Quote Originally Posted by unterhausen View Post
    never would have guessed that it's that old. I doubt the gouge in the chainstay is anything to worry about. If it's worth restoring, I would remove/replace that bridge.
    Yeah- it goes to show how rapidly bicycles advanced in the US in the early part of the 20th century, but then slowed down after that. Just looking at the joints and the ashtabula shell, you'd just say "American, any time from like 1920 to 1970" or even "cheap import bike with spray over". It's red under the headbadge. The chainring is impressive.

    http://img.photobucket.com/albums/v5...3/SH105626.jpg
    http://img.photobucket.com/albums/v5...3/SH105625.jpg
    http://img.photobucket.com/albums/v5...3/SH105624.jpg
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  13. #13
    tuz
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    Very cool bike. It would be possible to do a simple repair. Smooth the tear and braze a sleeve (say on 3/4 of the circumference)? And drill the hole back. The gouge doesn't seem that bad.
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  14. #14
    Upright bars SirMike1983's Avatar
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    Quote Originally Posted by tuz View Post
    Very cool bike. It would be possible to do a simple repair. Smooth the tear and braze a sleeve (say on 3/4 of the circumference)? And drill the hole back. The gouge doesn't seem that bad.
    If it's a cosmetic issue I lean towards something like that.

    The other possibility is to take a basic P-clamp clamp right over the hole, then attach the fender to the hole in the P clamp (or else drill through the P-clamp and re-establish the hole there. The clamp is sort of a clunky solution but less invasive. I like the sound of a brazed sleeve better. Then just smooth the job and paint the sleeve to match. It looks to me as if the original red pain is still there underneath. I'm not sure what pinstripes or details I'll be able to save though. Someone really overpainted the hell out of this thing. I'd guess someone painted it over in the 1930s or 40s.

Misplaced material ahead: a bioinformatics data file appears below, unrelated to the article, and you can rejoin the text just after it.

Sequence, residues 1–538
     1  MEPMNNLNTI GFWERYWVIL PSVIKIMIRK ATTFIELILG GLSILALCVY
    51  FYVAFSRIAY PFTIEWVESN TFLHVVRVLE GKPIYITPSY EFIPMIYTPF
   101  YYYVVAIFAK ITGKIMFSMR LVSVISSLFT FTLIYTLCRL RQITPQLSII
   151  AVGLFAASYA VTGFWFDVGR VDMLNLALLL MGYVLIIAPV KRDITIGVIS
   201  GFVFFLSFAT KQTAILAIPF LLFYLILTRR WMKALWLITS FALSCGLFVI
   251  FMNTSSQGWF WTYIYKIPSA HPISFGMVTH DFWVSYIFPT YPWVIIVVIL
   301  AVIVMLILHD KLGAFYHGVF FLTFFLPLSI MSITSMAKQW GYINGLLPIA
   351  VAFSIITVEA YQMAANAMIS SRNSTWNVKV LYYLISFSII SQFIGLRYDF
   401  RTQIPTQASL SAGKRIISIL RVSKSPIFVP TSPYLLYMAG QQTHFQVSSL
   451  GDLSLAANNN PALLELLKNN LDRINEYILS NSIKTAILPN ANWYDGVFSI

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    I would bet that the bolt holding a fender in place was rusted and somebody got impatient and stripped the bolt head and then used the fender as a lever to reef on it until the bolt tore out.

  16. #16
    Upright bars SirMike1983's Avatar
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    Quote Originally Posted by Canaboo View Post
    I would bet that the bolt holding a fender in place was rusted and somebody got impatient and stripped the bolt head and then used the fender as a lever to reef on it until the bolt tore out.
    Could very well be. The bare metal around the tear is still rather white, so it was not all that long ago it happened. That would be consistent with a rusted bolt because of the age of the bike. It also looks like a tear more than a clean cut.
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  17. #17
    Upright bars SirMike1983's Avatar
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    Quote Originally Posted by Mark Kelly View Post
    I'd be much more concerned about the level of abrasion evident inside the NDS chainstay. If the bottom of the abrasion is straight and the tube is round, you can use its width to calculate depth. I get around 1mm deep, which will be most of the way through the tube even if it's gas pipe.
    We have a winner- I probed the walls with a flat bladed screwdriver and pressed a little. On the drive side (normal), there was no give. On that abrasion spot, the screwdriver made a serious impression. Feeling the softness, I pushed a little more and with moderate force the tip broke clean through the tube wall. Most of the wall was gone and what was there turned out to be corroded. I'm going to scrap the frame and sell the parts off to offset this one. I'm disappointed, but there are other bikes like this out there.